“I SAID NO!” He shrimped to the side, seized the wrist that held the screwdriver, then struck Blue Braces in the throat with the web of his hand, using the L-shaped part of the hand formed by the index finger and thumb. This was not a sparring strike, but a technique from kata – the set forms he had practiced thousands of times. It was called the tiger’s mouth.

Immediately Blue Braces released the screwdriver and clutched her throat, gagging. Omar shoved her and she fell away. He stood and faced Skinny Legs. Her green eyes were wide now, her hands up in a placating gesture. Omar kicked her in the stomach, not a snapping kick but a powerful thrusting kick that drove deeply into her abdomen. She flew backward, literally coming off her feet, and crashed to the ground, moaning in agony as she rolled in the dirt.

Omar turned back to Blue Braces, who was still clutching her throat. Her face was turning blue. If he’d crushed her trachea she would die without medical intervention. He took his bracelet back, then dug into her pockets and recovered his phone and cash. A handful of crumpled bills spilled from the woman’s pocket, maybe a hundred dollars, but Omar left that. He found his wallet and surah in the street and wiped the surah on his shirt to clean it.

Reymundo is My Guide

He picked up his cane and began to walk away, and was nearly overcome by a wave of nausea, dizziness and pain. He pushed through it and kept on walking, leaning heavily on the cane, barely aware of his environment. If someone else tried to rob him in that moment he’d be done for. When he’d covered two blocks he came to a small store with a sign that said, “Reymundo is My Guide Panama Viejo Snacks and Lottery.” He’d seen this place before and had always noticed it because Reymundo was his own father’s name. But he’d never actually stopped here.

The shop had a little wooden bench out front, one leg chained and locked to an eye bolt in the ground. Omar sat, took out his phone and dialed 911 for the ambulance service. A woman answered and he gave her Blue Braces’ location and condition, then hung up.

“Hey son,” the shopkeeper called. “Are you okay?” He was an old man with wide Indian features and gray hair, and wore round spectacles.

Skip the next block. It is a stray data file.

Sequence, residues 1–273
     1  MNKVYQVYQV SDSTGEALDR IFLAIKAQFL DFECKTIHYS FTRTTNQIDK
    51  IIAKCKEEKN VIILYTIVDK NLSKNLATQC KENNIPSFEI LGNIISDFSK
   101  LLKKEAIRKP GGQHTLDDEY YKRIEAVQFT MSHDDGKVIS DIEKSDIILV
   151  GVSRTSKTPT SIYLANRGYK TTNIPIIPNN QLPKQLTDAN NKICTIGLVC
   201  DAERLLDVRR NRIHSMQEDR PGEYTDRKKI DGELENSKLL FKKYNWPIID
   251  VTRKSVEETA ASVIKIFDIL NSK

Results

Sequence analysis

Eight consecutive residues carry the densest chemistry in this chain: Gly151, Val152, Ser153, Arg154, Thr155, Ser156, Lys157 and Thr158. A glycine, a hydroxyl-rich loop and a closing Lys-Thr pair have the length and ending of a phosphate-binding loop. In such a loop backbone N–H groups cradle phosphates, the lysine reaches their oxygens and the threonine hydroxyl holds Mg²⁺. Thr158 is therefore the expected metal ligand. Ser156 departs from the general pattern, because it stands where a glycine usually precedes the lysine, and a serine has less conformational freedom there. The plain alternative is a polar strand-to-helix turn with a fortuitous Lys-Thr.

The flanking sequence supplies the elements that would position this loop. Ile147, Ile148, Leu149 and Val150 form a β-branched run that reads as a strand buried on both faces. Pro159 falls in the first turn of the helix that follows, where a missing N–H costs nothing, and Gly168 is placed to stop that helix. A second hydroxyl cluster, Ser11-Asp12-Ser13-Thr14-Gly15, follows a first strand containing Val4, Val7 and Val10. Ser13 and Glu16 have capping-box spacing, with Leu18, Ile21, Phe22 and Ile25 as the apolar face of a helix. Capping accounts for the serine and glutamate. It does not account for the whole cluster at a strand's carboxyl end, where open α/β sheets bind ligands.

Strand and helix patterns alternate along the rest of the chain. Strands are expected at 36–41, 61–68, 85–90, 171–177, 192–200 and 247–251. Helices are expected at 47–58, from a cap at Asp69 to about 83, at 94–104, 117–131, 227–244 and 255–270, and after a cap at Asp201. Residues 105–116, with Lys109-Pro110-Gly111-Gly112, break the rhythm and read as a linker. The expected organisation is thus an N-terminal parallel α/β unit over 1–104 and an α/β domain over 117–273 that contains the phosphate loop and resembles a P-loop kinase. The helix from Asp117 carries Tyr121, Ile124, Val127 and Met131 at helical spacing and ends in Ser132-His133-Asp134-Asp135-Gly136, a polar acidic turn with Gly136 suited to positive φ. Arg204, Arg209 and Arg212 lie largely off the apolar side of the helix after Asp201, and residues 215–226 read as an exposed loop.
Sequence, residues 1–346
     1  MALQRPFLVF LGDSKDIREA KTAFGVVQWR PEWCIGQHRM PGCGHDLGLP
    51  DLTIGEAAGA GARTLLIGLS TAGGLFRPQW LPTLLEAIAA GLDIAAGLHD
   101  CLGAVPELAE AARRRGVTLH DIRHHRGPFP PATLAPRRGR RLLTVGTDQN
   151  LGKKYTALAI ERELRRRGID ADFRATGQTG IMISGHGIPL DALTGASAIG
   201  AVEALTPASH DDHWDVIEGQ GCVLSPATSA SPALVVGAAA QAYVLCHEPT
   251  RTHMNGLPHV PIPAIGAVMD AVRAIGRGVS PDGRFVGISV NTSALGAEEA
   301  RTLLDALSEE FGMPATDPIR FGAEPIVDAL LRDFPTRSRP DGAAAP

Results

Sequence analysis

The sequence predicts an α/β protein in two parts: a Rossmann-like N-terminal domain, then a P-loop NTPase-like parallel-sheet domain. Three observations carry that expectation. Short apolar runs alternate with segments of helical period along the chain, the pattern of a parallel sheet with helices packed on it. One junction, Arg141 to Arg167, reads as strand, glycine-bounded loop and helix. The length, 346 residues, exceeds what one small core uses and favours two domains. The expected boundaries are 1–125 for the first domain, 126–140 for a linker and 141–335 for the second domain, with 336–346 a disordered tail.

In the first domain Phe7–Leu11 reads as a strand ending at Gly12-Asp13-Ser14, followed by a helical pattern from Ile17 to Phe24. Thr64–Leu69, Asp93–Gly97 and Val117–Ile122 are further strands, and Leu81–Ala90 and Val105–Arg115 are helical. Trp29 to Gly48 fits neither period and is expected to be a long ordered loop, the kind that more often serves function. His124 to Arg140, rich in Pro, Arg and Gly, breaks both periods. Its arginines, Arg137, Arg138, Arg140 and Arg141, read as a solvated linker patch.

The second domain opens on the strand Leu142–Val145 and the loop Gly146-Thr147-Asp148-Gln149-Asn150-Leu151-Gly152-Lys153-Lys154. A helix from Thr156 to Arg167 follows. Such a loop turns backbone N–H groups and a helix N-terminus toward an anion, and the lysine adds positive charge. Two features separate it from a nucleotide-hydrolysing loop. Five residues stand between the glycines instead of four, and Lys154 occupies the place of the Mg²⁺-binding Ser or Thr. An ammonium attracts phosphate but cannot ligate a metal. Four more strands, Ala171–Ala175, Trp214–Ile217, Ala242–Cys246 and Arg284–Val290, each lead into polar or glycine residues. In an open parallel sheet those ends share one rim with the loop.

Omar stepped up to the shop’s small window and looked over the goods. What could he get for $5? He settled on a bottle of Coke and a cheese empanada. The shopkeeper refused Omar’s money. “I know you,” the man said. “I knew your Papá. He was a great man.”

Omar returned to the bench and began to eat and drink. The shopkeeper emerged with a box full of medical supplies. Omar started to protest but the old man ignored him. As Omar ate, the man cleaned Omar’s face with a hot towel, applied alcohol with a cotton swab – that hurt badly, making Omar flinch – then applied three bandages.

“Your father help me build this place,” the man said. “You know that?”

Omar shook his head.

“Oh yes. He was very handy. I buy a big pile of bricks and mortar, and we put this place up in a week. He used to come here, help me move boxes, do repairs. My name is Melocoton.”

Omar gave the man a quizzical look. He was named after a fruit? He had a thought. “Wait a minute,” he said slowly. “The Reymundo in your sign?”

The old man grinned, showing teeth that were yellowed but intact. “Your Papá. Is a story. I tell you someday. Anytime you come here, no charge for the son of Reymundo Bayano.”

Omar thanked the man and decided he was ready to head for home. He’d try the trip to Hani’s house again tomorrow, if he was up to it. Right now he just needed to rest.

By the time he was close to home his face and body were drenched in sweat, and his arm trembled from supporting his weight on the cane. He was exhausted and sore everywhere, and his face ached. As it turned out, the sweat at least was not a problem, because when he was one block from home the sky unleashed its torrent, and the rain came down like the curtain at the end of a Greek tragedy.

Next: Day of the Dogs, Chapter 7:  The Underground Dream

Reader comments and constructive criticism are important to me, so please comment!

See the Story Index for Wael Abdelgawad’s other stories on this website.

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Wael Abdelgawad’s novels – including Pieces of a Dream, The Repeaters and Zaid Karim Private Investigator – are available in ebook and print form on his author page at Amazon.com.